UPDATE 1-LNG Canada partners nudge project ahead; Shell ups stake

Wed Apr 30, 2014 3:27pm EDT
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(Changes dateline to Vancouver, adds CEO quotes and project background)

By Julie Gordon

VANCOUVER, April 30 (Reuters) - Royal Dutch Shell Plc's proposed LNG Canada liquefied natural gas export plant in British Columbia tiptoed closer to reality on Wednesday, with the company signing a formalized partnership agreement with its three Asian partners, nudging the project into the next stage of development.

Shell also boosted its stake in the project to 50 percent from 40 percent, while PetroChina retains its 20 percent interest. Mitsubishi Corp and Kogas will each take a 15 percent interest, down from their former 20 percent share.

With the initial technical work complete, the partners said they will now move ahead with the detailed engineering and design work, along with an ongoing environmental assessment and consultation work.

"It's important to note that today is not yet the final investment decision to construct the project," LNG Canada chief executive Andy Calitz told reporters. "We have a number of uncertainties to overcome and work to do."

The final call on whether the project will go ahead is still 18 to 24 months away, he said. Construction would take about five years, with operations expected early next decade.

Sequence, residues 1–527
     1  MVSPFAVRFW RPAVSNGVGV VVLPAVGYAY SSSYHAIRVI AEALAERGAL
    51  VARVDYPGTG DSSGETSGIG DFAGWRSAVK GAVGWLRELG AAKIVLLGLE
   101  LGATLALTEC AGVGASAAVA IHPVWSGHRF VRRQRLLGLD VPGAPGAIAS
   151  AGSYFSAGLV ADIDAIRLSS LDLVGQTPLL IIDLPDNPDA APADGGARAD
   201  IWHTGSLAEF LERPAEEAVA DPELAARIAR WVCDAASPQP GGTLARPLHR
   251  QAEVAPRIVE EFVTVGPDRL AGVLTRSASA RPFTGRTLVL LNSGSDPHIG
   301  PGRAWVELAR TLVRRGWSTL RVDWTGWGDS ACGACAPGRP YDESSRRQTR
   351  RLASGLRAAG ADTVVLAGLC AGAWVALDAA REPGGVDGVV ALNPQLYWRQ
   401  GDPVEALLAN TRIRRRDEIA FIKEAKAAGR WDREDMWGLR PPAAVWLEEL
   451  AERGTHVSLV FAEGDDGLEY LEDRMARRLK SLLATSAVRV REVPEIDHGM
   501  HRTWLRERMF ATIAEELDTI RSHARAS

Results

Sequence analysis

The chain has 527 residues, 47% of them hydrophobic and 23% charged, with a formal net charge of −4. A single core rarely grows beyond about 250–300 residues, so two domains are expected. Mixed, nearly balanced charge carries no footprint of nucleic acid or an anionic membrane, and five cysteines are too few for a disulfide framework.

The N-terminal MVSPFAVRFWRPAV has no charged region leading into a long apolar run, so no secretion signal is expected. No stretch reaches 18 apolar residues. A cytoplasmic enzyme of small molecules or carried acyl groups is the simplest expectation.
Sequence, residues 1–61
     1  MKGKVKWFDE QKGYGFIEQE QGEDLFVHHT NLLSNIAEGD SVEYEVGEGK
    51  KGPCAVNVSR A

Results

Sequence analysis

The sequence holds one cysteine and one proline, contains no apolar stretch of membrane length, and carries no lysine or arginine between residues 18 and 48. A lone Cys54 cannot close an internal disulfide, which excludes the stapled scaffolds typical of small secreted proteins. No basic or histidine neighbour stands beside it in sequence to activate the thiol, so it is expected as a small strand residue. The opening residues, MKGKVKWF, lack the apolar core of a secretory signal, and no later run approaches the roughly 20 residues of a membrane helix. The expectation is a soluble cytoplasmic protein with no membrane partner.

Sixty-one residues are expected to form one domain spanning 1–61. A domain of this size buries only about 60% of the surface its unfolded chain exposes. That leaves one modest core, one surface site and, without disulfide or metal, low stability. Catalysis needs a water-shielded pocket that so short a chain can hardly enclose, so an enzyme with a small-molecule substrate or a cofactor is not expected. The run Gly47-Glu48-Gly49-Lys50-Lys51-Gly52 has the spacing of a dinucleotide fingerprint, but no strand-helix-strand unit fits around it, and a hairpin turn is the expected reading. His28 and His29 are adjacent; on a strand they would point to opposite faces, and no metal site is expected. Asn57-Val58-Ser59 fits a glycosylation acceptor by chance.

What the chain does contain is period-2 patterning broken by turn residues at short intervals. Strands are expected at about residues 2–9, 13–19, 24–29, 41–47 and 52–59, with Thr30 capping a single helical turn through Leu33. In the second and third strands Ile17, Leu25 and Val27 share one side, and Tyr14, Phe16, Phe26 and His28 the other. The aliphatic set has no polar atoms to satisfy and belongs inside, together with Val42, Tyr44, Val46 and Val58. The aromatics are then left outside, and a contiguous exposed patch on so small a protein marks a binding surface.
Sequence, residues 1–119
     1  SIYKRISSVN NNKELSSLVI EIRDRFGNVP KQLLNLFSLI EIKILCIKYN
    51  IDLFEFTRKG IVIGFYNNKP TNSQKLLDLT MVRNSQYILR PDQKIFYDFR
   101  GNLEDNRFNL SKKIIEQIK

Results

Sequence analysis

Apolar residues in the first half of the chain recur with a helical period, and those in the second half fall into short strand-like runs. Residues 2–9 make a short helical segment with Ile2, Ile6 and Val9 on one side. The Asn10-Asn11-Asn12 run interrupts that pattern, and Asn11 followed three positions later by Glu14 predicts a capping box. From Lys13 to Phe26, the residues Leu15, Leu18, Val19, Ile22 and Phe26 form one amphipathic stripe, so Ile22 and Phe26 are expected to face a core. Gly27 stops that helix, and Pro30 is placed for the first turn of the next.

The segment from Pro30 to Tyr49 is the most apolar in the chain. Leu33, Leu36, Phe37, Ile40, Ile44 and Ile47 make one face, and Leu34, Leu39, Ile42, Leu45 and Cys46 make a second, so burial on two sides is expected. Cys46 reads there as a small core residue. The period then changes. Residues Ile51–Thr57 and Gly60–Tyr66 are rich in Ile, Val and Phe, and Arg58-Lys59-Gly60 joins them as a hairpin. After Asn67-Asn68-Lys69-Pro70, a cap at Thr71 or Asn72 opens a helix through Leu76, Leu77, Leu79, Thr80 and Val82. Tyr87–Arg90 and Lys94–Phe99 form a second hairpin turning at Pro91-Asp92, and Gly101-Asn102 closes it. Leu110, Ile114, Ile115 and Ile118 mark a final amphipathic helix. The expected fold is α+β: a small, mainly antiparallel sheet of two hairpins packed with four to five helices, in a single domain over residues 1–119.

The project, in the port town of Kitimat some 1,400 kilometers (870 miles) north of Vancouver, is just one of about a dozen export terminals proposed for British Columbia's rugged Pacific coast as energy firms scramble to build facilities to move cheap Canadian gas to Asian markets.

Petronas' Pacific NorthWest LNG project and Chevron Corp's Kitimat LNG project are considered front-runners in the race to build Canada's first LNG export terminal, with the LNG Canada project a close third.

With an initial capacity of some 12 million tonnes of LNG per year, each partner will be responsible for sourcing its own portion of the gas, in proportion to its ownership stake, and will then take the same proportional amount of LNG produced.

"For every 100 cargoes that are produced, 15 will go to Kogas, 15 will go to Mitsubishi, 20 will go to PetroChina and 50 will go to Shell," said Calitz. "As such, for this project, do not expect LNG sales announcements." (Additional writing by Scott Haggett; editing by Gunna Dickson)